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Ginger Baker looks back on his musical career with Cream and Blind Faith; his introduction to Fela Kuti; his self-destructive patterns and losses of fortune; and his current life inside a fortified South African compound.
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The 1960's alumni of the Berkeley campus tell their stories about how the quiet school became the site of massive political activism on the part of students fighting for their right of political expression on campus and then against the Vietnam War. Written by
Kenneth Chisholm <email@example.com>
"... worst yet, we attracted to Berkeley, the worst collection of kooks and nuts you've ever seen in your life. Everybody saw this on television, and they had a completely distorted conception of it. They thought, 'what you do is you go to Berkeley, and you riot and you just have a great time; its one big political, sexual, drug feast.'" TC:38.52
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Fabric of '60s Counterculture Politics : Weaving the Threads via Berkeley
This is a superb, valuable documentary.
Berkeley was at the epicenter as the counterculture politics of the '60s emerged. And revisiting the political ferment of '60s Berkeley can offer an unusually helpful overview of these interwoven political currents. This film does that very, very well.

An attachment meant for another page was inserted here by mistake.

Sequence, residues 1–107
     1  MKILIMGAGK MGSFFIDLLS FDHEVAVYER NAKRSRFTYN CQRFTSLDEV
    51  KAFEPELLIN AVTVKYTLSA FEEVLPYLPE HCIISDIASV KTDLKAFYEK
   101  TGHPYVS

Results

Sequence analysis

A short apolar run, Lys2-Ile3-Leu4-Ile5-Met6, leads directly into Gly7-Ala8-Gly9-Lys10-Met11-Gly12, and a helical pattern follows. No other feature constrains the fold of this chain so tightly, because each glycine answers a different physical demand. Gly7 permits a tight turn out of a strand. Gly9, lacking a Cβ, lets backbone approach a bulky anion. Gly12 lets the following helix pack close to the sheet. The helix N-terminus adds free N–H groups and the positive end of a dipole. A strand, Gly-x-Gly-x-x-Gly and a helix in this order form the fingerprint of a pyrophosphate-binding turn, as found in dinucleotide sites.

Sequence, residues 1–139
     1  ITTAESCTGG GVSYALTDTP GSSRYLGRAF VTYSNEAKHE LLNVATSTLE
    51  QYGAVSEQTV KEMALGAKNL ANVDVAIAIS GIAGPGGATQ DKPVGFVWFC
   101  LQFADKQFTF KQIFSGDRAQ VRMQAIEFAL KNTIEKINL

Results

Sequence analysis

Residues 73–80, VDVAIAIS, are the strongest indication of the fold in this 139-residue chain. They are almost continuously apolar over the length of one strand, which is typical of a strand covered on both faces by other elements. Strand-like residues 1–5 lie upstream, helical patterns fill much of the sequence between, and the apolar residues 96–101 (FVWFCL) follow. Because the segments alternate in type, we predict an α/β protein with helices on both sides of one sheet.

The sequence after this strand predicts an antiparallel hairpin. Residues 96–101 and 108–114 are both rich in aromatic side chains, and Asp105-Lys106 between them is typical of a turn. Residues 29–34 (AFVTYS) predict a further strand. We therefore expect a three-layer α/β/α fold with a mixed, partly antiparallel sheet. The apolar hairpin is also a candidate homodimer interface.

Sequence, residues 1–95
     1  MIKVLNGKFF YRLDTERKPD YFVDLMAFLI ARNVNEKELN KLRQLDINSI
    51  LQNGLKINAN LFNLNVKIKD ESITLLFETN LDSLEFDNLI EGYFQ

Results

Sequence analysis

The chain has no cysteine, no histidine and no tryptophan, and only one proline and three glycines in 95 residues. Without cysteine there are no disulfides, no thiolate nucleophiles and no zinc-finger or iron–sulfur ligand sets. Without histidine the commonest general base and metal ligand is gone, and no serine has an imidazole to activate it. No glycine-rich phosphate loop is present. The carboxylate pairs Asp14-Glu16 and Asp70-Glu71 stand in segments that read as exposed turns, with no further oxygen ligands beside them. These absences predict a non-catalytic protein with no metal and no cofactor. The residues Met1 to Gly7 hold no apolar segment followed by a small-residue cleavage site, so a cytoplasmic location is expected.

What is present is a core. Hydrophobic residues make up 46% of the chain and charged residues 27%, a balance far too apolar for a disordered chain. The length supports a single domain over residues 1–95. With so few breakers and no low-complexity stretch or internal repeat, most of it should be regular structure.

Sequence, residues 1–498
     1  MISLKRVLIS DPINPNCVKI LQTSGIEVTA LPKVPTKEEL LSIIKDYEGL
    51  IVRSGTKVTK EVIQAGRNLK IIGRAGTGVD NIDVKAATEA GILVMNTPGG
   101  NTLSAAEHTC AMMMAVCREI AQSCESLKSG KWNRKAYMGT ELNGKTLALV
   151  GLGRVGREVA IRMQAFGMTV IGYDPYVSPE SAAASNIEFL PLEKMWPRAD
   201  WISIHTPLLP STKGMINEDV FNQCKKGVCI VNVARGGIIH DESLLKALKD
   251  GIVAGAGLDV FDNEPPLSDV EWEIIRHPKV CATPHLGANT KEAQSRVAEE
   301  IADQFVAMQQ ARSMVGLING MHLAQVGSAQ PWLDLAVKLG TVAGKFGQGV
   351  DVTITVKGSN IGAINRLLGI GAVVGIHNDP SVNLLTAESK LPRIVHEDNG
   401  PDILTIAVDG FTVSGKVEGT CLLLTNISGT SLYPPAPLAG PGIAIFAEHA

The fascinating footage (including early glimpses at Reagan as a relatively new "pol"), the deft editing, the years-later retrospective reflections of "now-grown-up" participants in the Berkeley "FSM" (Free Speech Movement) -- these are all very engaging, and beautifully assembled. But what makes the film great for me is its clarity in reflecting the interplay of counterculture themes: the movements for free speech and for civil rights, the movement against the Vietnam War, and assertion of the new feminism. Along with the energetic pursuit of "sex, drugs and rock 'n' roll," these elements blended into one 'tsunami' of a movement -- were experienced by us all coming of age during that time, throughout the US and throughout much of the world. But as a young person during that era, who became very swept up in the self-proclaimed "dawning of the Age of Aquarius," I recall also feeling unclear on how these ideological components -- which otherwise seemed to me distinct and substantively unrelated became intertwined in the social politics of that era.
Whether the film is slanted, and whether "The Movement" was positive or negative, seem to me besides the point. The Movement was; like it or not, that reality is indisputable. From varying perspectives, our entire culture experienced it, and was affected by it. Most of the many millions of us on college campuses during that time were forever changed -- for good, for ill, or both. This film presents the most coherent depiction I've seen of how this happened, what it's "logic" was and manages to do so engagingly, without becoming pedantic. That's a whole lot for one film to do, even for someone who respects and loves film as our culture's greatest current art form.
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